Butler and Dwyane Wade

Speaking of Butler, he’ll have the chance to go up against one of his good friends tonight in Dwyane Wade, who also happens to be averaging 14.0 points and 4.3 assists off the bench in his 15th season.  Butler and Wade (both Marquette guys) played together in Chicago, where Butler says they trained and vacationed together. They also like to give each other a hard time, so watch out for when they’re both on the floor together.

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Exploring Sixers' 'Ear tug world,' a fundamental part of team's offense

Exploring Sixers' 'Ear tug world,' a fundamental part of team's offense

If you’ve ever noticed Brett Brown tugging on his ear on the sideline, chances are he’s calling an action out of the Sixers’ “Ear tug world.” 

It’s a series that begins with what many teams call a “Horns” alignment — two men at the elbows and two in the corners. The Sixers’ Ear tug world is one of the fundamental parts of the team’s offense, and assistant coach Monty Williams has played a key role in shaping it (see story). 

With the Sixers taking a break from competitive basketball for the past week, we decided to explore the team’s Ear tug world in more detail.

The lob 

The lob is the most basic Ear tug action. When the primary option is the lob — often after timeouts — the Sixers sometimes call this play “Elbow rub,” per Mike O’Connor of The Athletic.

The man at one elbow curls around a screen from the man at the other elbow at “the nail” (middle of the foul line). He’s open a surprising amount of the time. 

Some of the Sixers’ Ear tug actions start with a flare around the first screen instead of a curl directly to the rim. After flaring off Boban Marjanovic’s screen, Jimmy Butler read Jamal Murray’s overplay well and made a sharp back cut. An alley-oop was again the end result.


Spicing it up 

On the play below, Joel Embiid sets a screen at the nail for Wilson Chandler. However, you can tell the play isn’t designed for a lob to Chandler by his rather casual trot in the direction of the hoop. Instead, Ben Simmons gives the ball to Embiid, who dribbles into an inverted pick-and-roll with JJ Redick. 

You’ll notice this a lot with Redick and Embiid — because Redick is guarded so closely, as a screener he’s often able to basically wedge his man into Embiid’s defender.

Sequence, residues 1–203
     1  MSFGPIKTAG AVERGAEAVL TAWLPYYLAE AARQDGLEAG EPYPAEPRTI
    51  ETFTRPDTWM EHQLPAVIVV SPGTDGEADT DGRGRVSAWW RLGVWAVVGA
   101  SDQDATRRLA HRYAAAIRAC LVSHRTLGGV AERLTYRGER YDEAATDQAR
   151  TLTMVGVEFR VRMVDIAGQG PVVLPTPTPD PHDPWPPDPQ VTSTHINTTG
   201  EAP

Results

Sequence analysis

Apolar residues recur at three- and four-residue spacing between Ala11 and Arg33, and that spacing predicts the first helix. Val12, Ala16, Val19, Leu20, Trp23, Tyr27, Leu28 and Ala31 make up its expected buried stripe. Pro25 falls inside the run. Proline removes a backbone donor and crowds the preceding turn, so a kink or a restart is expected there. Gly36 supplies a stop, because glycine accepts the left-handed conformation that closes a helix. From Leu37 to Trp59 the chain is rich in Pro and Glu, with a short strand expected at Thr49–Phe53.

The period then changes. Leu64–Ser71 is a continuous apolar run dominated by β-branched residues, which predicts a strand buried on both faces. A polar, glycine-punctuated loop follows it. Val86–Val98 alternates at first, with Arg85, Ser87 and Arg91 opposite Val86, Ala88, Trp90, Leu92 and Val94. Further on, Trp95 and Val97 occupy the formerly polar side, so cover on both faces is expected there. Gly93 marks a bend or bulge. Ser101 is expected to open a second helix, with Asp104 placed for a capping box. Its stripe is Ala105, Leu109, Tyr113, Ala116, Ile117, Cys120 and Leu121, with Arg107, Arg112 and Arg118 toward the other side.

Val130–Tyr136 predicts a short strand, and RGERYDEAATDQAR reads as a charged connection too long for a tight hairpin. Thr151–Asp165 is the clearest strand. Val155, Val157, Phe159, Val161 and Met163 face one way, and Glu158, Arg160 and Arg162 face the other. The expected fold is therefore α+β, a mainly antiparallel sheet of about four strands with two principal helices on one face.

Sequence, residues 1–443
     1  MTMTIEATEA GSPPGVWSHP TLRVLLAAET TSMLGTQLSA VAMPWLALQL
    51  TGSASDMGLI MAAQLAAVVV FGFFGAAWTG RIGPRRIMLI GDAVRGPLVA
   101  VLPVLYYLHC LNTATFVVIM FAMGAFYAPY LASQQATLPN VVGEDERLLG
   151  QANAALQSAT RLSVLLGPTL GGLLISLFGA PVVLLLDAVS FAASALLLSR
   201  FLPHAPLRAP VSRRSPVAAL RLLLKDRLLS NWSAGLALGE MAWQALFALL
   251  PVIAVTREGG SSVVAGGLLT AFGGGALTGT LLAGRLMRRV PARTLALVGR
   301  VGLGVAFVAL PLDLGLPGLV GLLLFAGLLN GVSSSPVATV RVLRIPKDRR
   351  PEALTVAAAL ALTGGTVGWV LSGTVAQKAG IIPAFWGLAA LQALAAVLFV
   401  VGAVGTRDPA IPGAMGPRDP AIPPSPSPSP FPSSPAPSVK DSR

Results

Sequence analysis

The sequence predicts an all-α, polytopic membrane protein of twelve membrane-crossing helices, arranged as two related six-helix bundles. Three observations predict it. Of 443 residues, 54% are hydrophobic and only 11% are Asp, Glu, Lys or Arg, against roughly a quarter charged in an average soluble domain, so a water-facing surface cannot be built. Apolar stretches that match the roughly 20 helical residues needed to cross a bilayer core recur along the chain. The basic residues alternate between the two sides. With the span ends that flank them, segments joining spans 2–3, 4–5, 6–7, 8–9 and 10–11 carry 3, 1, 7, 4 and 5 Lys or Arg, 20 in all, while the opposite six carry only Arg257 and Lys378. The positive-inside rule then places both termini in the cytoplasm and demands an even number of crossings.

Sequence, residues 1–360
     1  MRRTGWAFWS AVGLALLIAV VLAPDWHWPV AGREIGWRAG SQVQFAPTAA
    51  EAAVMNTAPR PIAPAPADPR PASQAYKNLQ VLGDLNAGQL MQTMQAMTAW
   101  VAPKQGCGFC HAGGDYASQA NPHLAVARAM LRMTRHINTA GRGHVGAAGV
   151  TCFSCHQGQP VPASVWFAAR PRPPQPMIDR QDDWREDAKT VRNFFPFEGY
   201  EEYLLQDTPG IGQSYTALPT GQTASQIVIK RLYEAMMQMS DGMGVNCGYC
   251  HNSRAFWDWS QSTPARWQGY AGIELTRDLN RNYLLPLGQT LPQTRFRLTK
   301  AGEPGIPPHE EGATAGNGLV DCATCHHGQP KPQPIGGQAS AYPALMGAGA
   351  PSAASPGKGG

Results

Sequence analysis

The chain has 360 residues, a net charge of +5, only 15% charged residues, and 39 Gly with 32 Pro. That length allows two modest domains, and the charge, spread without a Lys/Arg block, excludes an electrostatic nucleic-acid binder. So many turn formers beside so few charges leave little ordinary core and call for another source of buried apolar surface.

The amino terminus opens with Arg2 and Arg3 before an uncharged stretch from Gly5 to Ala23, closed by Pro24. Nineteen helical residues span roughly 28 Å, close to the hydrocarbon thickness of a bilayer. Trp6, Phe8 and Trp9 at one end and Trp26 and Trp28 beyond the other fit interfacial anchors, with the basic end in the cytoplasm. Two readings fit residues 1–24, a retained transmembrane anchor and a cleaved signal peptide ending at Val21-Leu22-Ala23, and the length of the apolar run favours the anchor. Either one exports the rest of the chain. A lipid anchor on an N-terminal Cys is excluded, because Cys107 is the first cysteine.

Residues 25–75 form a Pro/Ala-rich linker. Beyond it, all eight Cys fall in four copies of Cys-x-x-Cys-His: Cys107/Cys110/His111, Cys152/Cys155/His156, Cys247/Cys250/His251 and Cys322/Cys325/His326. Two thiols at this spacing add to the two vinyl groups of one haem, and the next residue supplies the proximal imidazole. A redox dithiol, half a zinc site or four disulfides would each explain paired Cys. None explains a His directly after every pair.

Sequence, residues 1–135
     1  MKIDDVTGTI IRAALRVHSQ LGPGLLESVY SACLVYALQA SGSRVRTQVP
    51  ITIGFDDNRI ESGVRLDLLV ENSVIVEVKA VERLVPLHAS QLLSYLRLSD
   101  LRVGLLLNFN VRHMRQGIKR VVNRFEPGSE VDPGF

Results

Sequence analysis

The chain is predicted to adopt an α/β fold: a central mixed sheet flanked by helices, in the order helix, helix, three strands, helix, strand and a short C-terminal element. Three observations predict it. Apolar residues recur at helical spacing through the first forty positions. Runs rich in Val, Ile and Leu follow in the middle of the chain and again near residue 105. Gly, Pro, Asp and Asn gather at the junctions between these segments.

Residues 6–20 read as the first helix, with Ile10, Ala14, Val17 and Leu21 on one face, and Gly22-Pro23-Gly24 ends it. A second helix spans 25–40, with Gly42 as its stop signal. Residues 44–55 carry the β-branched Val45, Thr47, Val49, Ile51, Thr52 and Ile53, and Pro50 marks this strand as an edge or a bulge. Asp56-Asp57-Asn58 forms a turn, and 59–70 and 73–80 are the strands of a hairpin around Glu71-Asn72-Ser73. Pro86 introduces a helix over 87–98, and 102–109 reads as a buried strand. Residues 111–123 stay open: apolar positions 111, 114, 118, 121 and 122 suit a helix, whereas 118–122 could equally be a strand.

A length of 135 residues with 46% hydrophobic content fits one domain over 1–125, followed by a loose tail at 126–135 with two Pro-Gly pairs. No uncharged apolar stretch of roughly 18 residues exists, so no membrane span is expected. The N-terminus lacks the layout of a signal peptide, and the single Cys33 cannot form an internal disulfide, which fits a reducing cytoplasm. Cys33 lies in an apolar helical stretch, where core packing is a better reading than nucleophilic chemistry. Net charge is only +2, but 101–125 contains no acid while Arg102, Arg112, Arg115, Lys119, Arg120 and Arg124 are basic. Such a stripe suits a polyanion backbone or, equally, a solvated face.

The Sixers also sometimes have Redick run around screens in their Ear tug world.

As usual, this play starts off with a screen at the nail. And again, you can tell the Sixers aren’t looking for a lob initially — Murray plays physical defense on Tobias Harris, who doesn’t seem too concerned with getting all the way to the rim.

The Sixers instead have Simmons dish it to Embiid at the top of the key, and the big man hands it to Jimmy Butler. Off the ball, Redick brushes around down screens from Harris and Embiid and dips in for a jumper. 

Embiid post-ups are a frequent Ear tug objective. The goal isn’t for Embiid to curl around a screen for a lob, but for him to establish position on the block. 

Below is a simple example, with Landry Shamet and Embiid the two men at the elbows. Shamet flashes across Embid to the wing, Embiid goes down low, and the Sixers clear out the left side of the floor to give him maximum space to work.

Brown introduced a clever action to get Simmons a post-up on Jan. 19 vs. the Thunder. The play started with Redick darting across Chandler’s screen at the elbow. Redick is essentially in Shamet’s spot on the play above, with Chandler in Embiid’s place. But instead of Chandler stationing himself in the post once Redick receives the pass from Simmons at the wing, he stays at the elbow.

There, he sets a back screen for Simmons, and the point guard makes a UCLA cut to the left block. When Simmons drives baseline, Jonah Bolden frees up Jimmy Butler with a back screen on the weak side of the floor.

A similar action got Simmons an easy dunk on Jan. 8 against Washington, though it wasn’t technically part of the Sixers’ Ear tug world.

Simmons tosses the ball to Embiid at the top of the key, then accelerates to the hoop off Chandler’s back screen at the elbow. 

These sort of basic actions are a lot more effective than you might think they’d be, looking at them on paper. And because the Sixers get so many successful lobs out of their Ear tug world, teams now have to be wary of that option. 

That makes the creative layers Brown and Williams have added to the Sixers’ Ear tug world a greater threat.